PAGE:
In Greece, seaside streets are lined with octopuses, stretched from limb to limb to limb to limb, hang-drying in the sun. It's an old tenderization technique that dehydrates the octopus before it's braised and grilled. If your neighbors would tolerate it, and if you live in a similarly hot and dry Mediterranean climate, then I suppose you, too, could attempt to prepare your octopus this way—maybe you already do, since meeting those criteria means there's a good chance you already live in Greece. The rest of us aren't so lucky. No matter, grilling octopus that's crispy and tender is easy, and requires little more than a pot and a grill.
If you've never grilled octopus before, the first thing you need to know is that you can't just toss a raw octopus on the grill and call it a day. Well, you can, but I don't think you'd want to, unless the idea of rubbery, shriveled, and burnt tentacles appeals to you. Before grilling, an octopus first has to be cooked until tender. This two-stage cooking process guarantees great results.
During the first stage, your goal is to cook the octopus until the tough connective-tissue collagen in its muscles melts into soft gelatin. This takes a while because octopus is packed with cross-linked collagen, which makes it exceptionally rubbery. Its collagen-rich flesh is a direct result of its anatomy—lacking bones, an octopus evolved the structural support necessary for movement through its muscles themselves, which are known scientifically as muscular hydrostats. Thanks to their crisscrossing muscle fibers, octopus limbs are capable of complex and multi-directional movement patterns without any skeletal support. Despite our extremely distant evolutionary relationship to octopuses (they're some of our most removed animal relatives), the underlying physiology is the same as that of our tongues.
There are different ways to soften this rigid muscular flesh through cooking: sous vide uses lower temperatures and takes the longest at about five hours; simmering or boiling reduces that time to roughly one hour; and a pressure cooker can force the boiling point of water higher and speed up the cooking time to 15 minutes or so.* I've gone into more detail on these methods in my article on cooking octopus.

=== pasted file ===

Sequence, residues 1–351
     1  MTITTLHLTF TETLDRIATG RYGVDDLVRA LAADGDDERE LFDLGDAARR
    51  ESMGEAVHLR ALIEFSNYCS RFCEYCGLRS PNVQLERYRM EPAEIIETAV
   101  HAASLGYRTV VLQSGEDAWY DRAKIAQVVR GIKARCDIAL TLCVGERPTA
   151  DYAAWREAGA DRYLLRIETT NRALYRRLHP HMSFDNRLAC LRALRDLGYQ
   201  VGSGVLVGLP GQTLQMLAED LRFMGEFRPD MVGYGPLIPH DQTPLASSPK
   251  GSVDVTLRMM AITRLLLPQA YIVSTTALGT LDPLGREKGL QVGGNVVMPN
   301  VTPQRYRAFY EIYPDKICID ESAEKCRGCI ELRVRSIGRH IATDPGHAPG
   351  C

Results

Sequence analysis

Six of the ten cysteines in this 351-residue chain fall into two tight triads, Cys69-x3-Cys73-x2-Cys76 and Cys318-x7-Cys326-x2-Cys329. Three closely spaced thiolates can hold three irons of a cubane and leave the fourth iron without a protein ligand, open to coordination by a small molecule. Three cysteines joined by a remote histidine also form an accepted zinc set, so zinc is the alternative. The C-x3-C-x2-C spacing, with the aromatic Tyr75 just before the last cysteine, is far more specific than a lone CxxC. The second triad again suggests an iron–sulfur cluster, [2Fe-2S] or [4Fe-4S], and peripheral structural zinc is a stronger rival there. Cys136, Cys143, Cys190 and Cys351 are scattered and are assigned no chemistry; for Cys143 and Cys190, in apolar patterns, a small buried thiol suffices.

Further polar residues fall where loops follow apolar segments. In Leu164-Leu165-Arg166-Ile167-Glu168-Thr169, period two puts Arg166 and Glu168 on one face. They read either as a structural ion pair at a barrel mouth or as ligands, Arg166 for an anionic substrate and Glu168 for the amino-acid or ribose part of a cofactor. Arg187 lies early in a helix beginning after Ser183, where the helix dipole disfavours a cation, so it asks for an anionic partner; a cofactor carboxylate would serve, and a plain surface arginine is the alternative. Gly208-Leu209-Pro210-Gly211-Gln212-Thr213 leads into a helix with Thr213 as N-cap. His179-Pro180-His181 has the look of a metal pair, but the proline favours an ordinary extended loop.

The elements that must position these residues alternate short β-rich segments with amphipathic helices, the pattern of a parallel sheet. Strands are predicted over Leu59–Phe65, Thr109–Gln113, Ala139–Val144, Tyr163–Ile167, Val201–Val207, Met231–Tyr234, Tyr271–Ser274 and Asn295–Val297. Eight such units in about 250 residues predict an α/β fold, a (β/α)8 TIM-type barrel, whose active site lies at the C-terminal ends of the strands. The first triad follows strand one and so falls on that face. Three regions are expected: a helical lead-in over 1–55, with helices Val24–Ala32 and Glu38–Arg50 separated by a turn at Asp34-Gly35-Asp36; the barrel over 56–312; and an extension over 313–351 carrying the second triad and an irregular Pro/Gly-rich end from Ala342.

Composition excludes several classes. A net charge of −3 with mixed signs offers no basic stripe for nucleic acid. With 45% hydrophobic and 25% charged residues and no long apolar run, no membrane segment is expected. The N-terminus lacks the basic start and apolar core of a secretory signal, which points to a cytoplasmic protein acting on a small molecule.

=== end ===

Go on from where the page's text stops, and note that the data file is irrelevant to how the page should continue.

*Remember that octopus cooking times can vary dramatically. It's ready when it's ready and not a moment before, whether it takes 30 minutes or 5 hours.
Once cooked, you should cool the octopus down in its cooking liquid. This may sound unnecessary. After all, why bother cooling it down if you're just going to get it hot again? But I've found that octopus skin is too fragile right after boiling, rubbing off under even the most gentle touch. Some folks think removing the skin is a good thing. I don't. I love the skin and its melting texture, and I want to keep it. Chilling the octopus sets the skin, so that when it comes time it comes time to grill it, you'll be able to.
Once cooled, it helps to drain and dry the octopus. Any excess liquid on its surface will only slow down the browning and crisping you want to happen on the grill. You can pat the octopus dry with towels, or set it on parchment-lined baking sheets and allow it to air-dry in the fridge for a few hours or overnight.
Grilling is the easiest step of all. Toss the octopus, whether whole or divided into tentacles, with some olive oil and load it onto a cleaned and preheated grill, directly over hot coals. The tentacles will take on an appealing charred appearance and flavor, and the thins ends will char and get a little crispy. This grilling step is really just a surface treatment: When both sides look done, the octopus is ready. There's no need to worry about synching up outer browning and inner doneness, because you've taken care of each separately. The results: octopus that is tender, not rubbery, and lightly singed on the surface.